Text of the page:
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About Lloyd

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  1. Trump

    I can't make up that kinda stuff. Edit - in the meantime - "Again, I apologise for this. This is my responsibility and my team," [Hawaiian Emergency Management Agency administrator Vern Miyagi] said. http://www.abc.net.au/news/2018-01-14/hawaii-missile-threat-for-38-mins-they-thought-world-was-ending/9327692
  2. Yes, it is all quite exciting, innit! I have no opinion. I just watch charts.
  3. Some numbers for newbies - high USD19,458 on Monday. Low of USD 10,800 on Friday. Not something I'd dare touch. It is feral. And I have been trading stuff (some may call it speculation) since I was 18.
  4. Ethics question

    I find this topic fascinating on many levels - not confined to audio, but commercial dealings in general. Please , mods, don't close it down just quite yet. My own anecdote is this. A dear departed friend built up a very successful premium handmade bridal gown biz in Melb, including things like the Logies and stuff. To have a gown made by Jane is to own the highest quality available in Oz - so much eye for individual detail and artistry, using fabric sourced from all over the world. Jane sold out as her health was declining, but they kept her name, and went on and continue to sell gowns using her name - no licence, they just did. They are just cheap imitations, but look similar. I was angry with this, and sought the advice of experts in the know. In jest, they said the only way to avoid this was maybe with a high powered imagination. Design intellectual property is notoriously difficult to protect - but they will never even come close to replicating those of the original artist, who spent many many hours over many days over some weeks, with her eyes on her client, and exquisite skill. We know this predicament, as audiophiles, of course. edit - ethics? None at all by the the people who ripped off Jane's designs and got very rich using her name. Brides are/were ignorant that they were being ripped off. We designed a deliberate slight/innocuous fault in the seam (a single off white thread, where nobody would notice) so as to know whether it was genuine Jane or not, as she got many queries as to whether this is a genuine Jane gown.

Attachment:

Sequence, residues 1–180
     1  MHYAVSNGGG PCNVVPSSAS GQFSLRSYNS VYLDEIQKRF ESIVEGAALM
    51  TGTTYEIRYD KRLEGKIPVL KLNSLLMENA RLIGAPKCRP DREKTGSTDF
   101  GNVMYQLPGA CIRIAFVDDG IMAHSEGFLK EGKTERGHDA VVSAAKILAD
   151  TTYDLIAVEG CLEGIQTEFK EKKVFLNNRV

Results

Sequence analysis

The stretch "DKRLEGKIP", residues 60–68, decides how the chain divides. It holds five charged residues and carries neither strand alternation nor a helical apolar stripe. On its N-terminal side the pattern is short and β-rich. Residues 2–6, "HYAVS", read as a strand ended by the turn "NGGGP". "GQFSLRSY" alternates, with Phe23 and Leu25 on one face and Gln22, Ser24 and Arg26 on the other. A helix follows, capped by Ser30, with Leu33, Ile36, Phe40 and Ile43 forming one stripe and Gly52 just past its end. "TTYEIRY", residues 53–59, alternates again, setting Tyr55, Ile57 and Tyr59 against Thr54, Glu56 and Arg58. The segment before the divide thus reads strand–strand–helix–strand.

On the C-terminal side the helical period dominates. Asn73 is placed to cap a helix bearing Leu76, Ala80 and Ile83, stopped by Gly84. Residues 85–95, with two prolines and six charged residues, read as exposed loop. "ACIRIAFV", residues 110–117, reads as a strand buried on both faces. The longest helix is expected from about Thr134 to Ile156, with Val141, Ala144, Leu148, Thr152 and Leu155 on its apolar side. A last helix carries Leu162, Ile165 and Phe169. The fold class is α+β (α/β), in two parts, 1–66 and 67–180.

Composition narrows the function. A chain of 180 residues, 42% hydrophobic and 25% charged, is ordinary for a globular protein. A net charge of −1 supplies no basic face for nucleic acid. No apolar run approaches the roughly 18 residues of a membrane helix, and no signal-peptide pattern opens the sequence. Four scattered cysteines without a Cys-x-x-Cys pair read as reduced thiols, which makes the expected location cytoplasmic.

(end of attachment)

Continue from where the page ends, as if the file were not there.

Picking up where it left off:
5. Aussie Politics

    I thought I could never link Aussie politics with Led Zeppelin. But it just happened. It's Bennelong time. No irony deficiencies in the house of Gustav.
  6. The One Percent

    World's richest 0.1% have boosted their wealth by as much as poorest half I looked up this guy's credentials. It is a bit odd him maybe saying those kinda things, being a bit of a commie himself. I haven't read his stuff, nor do I wish to, as much as I could and provide considered feedback. To me he comes across as a bit of an accountant or statistician - crunching numbers. About as boring as lint. In 1980 most of East Euro, USSR, China and a few other places were Commie. Except for the "few", most lived in circumstances we would not tolerate in Australia. So, when these countries realised certain advantages of cutting loose since then, of course a substantial number of people became very wealthy, and from anecdotal evidence, not to the detriment of the poor. It is a a mathematical average kinda thing. The "pie" has increased. Taxation only serves to decrease the pie, and make opportunities less. Instead of everyone earning a 100 Ostmarks, some went to earn 110, while others went on to make a million Ostmarks. They now offer young women jobs rather than selling themselves off as as slaves or prostitutes. I think that can only be a good thing. There will always be some dippy- hippy advocating the evil virtues of communism - not that it existed, as most Socialists claim. I reckon this is an own goal by the author, and I so much care that I forget his name.
  7. Quite so. The fact that, say, Batman exchanged some beads and stuff for a treaty was tacit acknowledgement of their rights to decide. No invasion there - however unfair.